The APAC region is home to a curious phenomenon: both malnourishment and obesity strike just miles from each other, often in the same city. The same play area that houses more than 480 million undernourished people also houses some of the highest obesity rates in the world.
How can such a state of affairs exist?
The APAC region deals with many complexities that stress food systems: population expansion [Core: FEEDING THE BEAST], large, unsystematic influxes of migrants and climate change-related disasters impacting water supply and food production [Core: THE WRATH OF NATURE]. On the other hand, there is the rapid rise of the middle classes and the new demands they bring to markets. To complicate this even further, there is a vast range of government structures and policies that yield both strengths and weaknesses to how nations adjust themselves to suit demand. Then there is the decrepit state of smallholder farming in general, on which countries, like India, China, Bangladesh, Pakistan, and Nepal depend heavily for their food (over 60-80% of the food supply for developing countries in the APAC region), but many of the farmers themselves go hungry.
The sheer scale of these challenges calls for multi-dimensional responses, particularly when it comes to aligning incentives at a nation-state level. While government policies can set the direction of a country’s food system, local problems are highly case and context-specific, with no one-size-fits-all solutions – after all, agriculture is highly sensitive to temperature, rainfall, light intensity, radiation, and sunshine duration, all of which are expected to become highly erratic with climate change.
Singapore here emerges as a hotbed of innovative case studies that other nations can learn from. A city-state with less than 1% arable land, Singapore has long had to contend with the practicalities of food security. It’s done this by empowering urban farming; the new ‘30 by 30’ vision, which prepares Singapore top to produce 30% of its nutritional needs by 2030, plans to unlock underutilized or alternative spaces like vacant state buildings and rooftops for farming.
Finding space is only the first step. Innovations and breakthroughs new technology need to follow. An urban farm in Queenstown, Singapore is leading the charge in incorporating insects as part of the farming practice: they use the “black soldier fly” to help grow its vegetables, as food for its fish and to help tackle food waste. The result is an innovative “closed-loop” farm that runs on a circular economy approach by feeding insect larvae with food waste from restaurants and supermarkets and turning this into nutrient-rich fertilizer.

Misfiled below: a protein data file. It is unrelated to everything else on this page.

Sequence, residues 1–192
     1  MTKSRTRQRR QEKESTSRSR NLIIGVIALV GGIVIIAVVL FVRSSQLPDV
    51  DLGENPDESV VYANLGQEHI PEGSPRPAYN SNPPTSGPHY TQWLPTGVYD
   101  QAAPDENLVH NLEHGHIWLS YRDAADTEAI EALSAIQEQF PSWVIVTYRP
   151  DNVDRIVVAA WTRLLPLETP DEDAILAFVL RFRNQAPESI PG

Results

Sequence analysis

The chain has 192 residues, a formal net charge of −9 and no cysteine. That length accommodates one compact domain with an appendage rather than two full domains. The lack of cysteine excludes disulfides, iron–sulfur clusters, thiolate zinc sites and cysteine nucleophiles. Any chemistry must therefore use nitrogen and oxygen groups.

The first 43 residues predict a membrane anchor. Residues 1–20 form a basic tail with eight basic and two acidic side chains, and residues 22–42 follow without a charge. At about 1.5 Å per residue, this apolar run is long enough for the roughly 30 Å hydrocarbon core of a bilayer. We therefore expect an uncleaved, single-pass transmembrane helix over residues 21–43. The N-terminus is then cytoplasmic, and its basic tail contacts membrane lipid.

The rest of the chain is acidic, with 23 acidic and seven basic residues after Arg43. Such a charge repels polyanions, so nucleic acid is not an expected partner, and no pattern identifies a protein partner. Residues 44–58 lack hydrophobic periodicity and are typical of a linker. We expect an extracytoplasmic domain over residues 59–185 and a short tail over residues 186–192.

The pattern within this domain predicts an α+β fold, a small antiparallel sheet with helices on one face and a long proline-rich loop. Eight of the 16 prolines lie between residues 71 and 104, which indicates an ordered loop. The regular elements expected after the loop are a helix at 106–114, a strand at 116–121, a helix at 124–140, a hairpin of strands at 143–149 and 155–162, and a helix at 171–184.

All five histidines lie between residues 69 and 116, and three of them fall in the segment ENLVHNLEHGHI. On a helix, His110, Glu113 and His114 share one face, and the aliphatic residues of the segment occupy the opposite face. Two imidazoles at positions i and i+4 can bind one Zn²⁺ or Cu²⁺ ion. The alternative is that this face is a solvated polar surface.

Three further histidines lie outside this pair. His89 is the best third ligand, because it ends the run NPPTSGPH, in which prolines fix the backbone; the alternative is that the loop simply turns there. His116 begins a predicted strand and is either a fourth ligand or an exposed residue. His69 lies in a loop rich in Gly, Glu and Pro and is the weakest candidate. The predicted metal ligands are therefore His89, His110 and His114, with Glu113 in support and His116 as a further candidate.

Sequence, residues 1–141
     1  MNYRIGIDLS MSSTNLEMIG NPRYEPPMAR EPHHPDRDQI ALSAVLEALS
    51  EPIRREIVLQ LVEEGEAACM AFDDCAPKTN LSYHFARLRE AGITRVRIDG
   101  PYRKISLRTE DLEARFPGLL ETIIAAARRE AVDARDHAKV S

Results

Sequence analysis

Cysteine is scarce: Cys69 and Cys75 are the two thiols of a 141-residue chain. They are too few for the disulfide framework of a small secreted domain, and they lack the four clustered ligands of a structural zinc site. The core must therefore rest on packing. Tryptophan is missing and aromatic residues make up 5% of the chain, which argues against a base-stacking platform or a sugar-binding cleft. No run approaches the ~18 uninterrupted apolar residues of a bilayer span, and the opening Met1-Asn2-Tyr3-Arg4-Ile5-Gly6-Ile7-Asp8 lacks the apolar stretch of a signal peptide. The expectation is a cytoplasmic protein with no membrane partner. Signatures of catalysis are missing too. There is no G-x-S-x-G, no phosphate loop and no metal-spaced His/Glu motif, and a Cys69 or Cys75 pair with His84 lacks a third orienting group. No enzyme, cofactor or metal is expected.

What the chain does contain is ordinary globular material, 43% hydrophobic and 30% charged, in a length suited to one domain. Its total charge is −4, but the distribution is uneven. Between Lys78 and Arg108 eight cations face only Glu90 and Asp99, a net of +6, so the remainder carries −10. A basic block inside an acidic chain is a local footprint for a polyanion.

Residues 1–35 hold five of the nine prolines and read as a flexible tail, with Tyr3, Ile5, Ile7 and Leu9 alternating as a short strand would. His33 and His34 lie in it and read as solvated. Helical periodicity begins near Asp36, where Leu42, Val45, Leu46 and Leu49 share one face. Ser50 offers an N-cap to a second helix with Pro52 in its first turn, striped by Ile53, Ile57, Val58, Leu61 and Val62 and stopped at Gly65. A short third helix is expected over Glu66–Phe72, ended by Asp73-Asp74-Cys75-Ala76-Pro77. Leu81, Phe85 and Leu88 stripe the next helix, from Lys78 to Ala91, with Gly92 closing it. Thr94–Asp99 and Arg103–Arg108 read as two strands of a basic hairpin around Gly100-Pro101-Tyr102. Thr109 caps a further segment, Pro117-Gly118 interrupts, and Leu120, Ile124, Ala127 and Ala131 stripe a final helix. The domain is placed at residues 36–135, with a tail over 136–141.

However, the bleeding edge is not the only place one can draw case studies from. In India, the state of Maharashtra has announced a precision farming plan across 40,913 state villages. New technologies introduced under this programme are expected to inform farmers about the best crops to cultivate in their lands, the amount of water, fertilizers, and manure required in the fields and ways to reduce post-harvest losses of their crops. The plan is to be implemented by the Maharashtra Remote Sensing Application Centre (MRSAC) with the assistance of the Indian Space Research Organisation (ISRO). The State has entered into agreements with Indian Institute of Science (IISc) to utilize drone technology, and Skymet, a private weather forecasting agency to set up 2000 automatic weather stations across the State of Maharashtra. The farmers are already benefiting from several local start-ups operating in the space. Ninjacart and Waycool are two platforms farmers use to sell their products to big corporates directly, while Aarav Unmanned Systems provide drones for inspection and mapping of farmlands. Start-ups like Aibono and CropIn help the farmers by providing crop-related intelligence and gadgets which increase crop yields by 30-50%.